She began by mixing a pail of dye
in the museum, with care, not a splash
blemished the polished concrete floor. Some guy
arrived late, had to step around the trash—
little plastic bottles, cardboard boxes
made significant, transformed into art
by context. Such incongruity shocked us
less and less; we, the audience, were part
of a faithful tribe looking for the next
revelation, a new form beyond paint,
past brushes. She (Janine) knelt, her feet flexed,
leaned over the bucket. Her gasp was faint
as she dipped headfirst in Natural Black.
She wrung her hair with gloved hands. We stepped back.
She wrings her hair with gloved hands, says, "Step back."
In memory I'm six, and underfoot.
She (Eileen) reaches for the towel rack,
rubber fingers tipped the color of soot,
and turns to the mirror to wrap her head
in a rag we use for dyes and rinses,
not to mention permanent waves. I dread
those Tonettes, yet somehow she convinces
me to give my hair a rococo curl.
I'm next: perm rods, solution, another
wait. She loves dolling up her youngest girl
and I endure the fuss; she's my mother.
When it's done, I look and think, "Is that me?"
Gazing in the glass—secret vanity.
Gazing in the glass. Fifty. Vanity
has migrated, relocated to my hand
as it renders (Is this insanity?)
elusive darks and lights. When my eyes scan
their own shadows and light in the mirror,
the lines that matter most are on the page.
Drawing is first a verb—action—nearer
to deed than thing, the paper is a stage
that's small, and, at first, intensely private.
In this and every piece, I try to get
it right, see myself whole, with accurate
marks, honest and economical; yet
in looking for what's next, I lose my place
and can't see what's right in front of my face.
Janine couldn't see in front of her face
for the hair dye had seeped into her eyes.
She accepted a clean towel with grace
and wiped away the sting. One can't revise
performance art, we who watched this moment
embraced the glitch—it fed our romance
with the unplanned effect, the eloquent
accident, modern theater of chance.
Soon clear-eyed and swift, Janine fell prostrate
and swung her head, both mopping and messing
the cool floor with her liquid hair. The weight
of her painterly strokes was a blessing
to us, who feel art's power, never doubt
its sleight of hand, hear it whisper, speak, shout.
A slight shift of my hand—whisper, don't shout,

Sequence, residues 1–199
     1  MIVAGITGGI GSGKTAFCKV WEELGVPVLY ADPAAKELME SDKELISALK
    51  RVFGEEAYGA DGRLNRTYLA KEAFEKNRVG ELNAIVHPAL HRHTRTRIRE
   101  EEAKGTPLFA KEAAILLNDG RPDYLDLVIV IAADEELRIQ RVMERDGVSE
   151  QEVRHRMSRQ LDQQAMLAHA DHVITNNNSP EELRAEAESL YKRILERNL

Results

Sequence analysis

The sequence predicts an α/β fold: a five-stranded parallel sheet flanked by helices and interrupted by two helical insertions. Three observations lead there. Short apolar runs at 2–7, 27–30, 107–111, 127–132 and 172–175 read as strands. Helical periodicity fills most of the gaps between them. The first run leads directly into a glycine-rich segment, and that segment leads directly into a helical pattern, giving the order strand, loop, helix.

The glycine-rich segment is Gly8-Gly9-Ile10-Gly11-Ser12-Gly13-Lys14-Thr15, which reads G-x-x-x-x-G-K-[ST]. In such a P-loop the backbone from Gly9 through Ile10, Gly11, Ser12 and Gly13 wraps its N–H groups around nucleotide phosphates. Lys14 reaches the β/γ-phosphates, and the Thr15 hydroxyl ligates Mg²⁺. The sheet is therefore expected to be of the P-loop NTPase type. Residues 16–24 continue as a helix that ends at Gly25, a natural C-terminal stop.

Mama—under her head—Is this good? I asked.
Better, not good, she said—a lift, about
ten degrees: I altered the angle, masked
her pain for short minutes by adjusting
her bed-stiffened neck. It didn't help much.
What were the chances she'd go on trusting
me? A nurse arrived with a lighter touch,
undressed Eileen for a bath. The unmarked
skin on her breasts and belly was like new,
shielded from the sun; thoughts of the beach sparked
intense images in a rambling review.
I brushed her thinning white hair. No more dye.
Done, she slept. That's how we said good-bye.
Done. We just left, that's how we said good-bye.
In truth, Janine mopped us out of the room,
our backs to the door, with thick lines of dye
scrawled in an arena where ideas bloom,
expressive, but not exactly abstract.
Think hair as a medium for washing;
Fifties painting as a domestic act;
Natural Black, her mother's shade, sloshing
across a blank gray ground, a subversion
of manly art on a heroic scale.
Released, we became I's, a conversion
to an inner space where I mapped my trail
of allusions through this piece by Janine:
part Magdalene, part Pollock, part Eileen.
The Magdalene. Jackson Pollock. Eileen.
In the mirror I'm fifty, wringing grace
from broken lines. I'm mixing, like Janine,
hoping this slight of hand leaves little trace
of my vanity. Gazing in the glass
at the skin on my breasts and belly, vain
or not, I keep working, a dark morass
of marks on blank ground, thinking I'm insane
because what does this mean? Heroic acts
are everywhere—in a nurse's light touch,
the mopping of floors—but can I exact
an equal courage from the page? It's such
a mystery, despite the trail--how, why,
this began by mixing a pail of dye.